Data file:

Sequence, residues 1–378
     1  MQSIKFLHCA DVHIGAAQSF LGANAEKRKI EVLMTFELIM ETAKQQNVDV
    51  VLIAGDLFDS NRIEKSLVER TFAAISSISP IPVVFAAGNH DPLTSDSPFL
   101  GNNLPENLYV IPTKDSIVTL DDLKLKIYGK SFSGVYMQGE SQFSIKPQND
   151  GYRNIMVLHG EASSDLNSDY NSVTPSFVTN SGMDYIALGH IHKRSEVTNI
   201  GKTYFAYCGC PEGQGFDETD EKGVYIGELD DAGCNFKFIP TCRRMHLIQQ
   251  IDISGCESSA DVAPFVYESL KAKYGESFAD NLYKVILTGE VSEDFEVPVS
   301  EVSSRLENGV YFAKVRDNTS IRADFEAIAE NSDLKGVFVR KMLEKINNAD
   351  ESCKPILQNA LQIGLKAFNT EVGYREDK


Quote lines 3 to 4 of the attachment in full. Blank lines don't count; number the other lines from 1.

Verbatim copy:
    51  VLIAGDLFDS NRIEKSLVER TFAAISSISP IPVVFAAGNH DPLTSDSPFL
   101  GNNLPENLYV IPTKDSIVTL DDLKLKIYGK SFSGVYMQGE SQFSIKPQND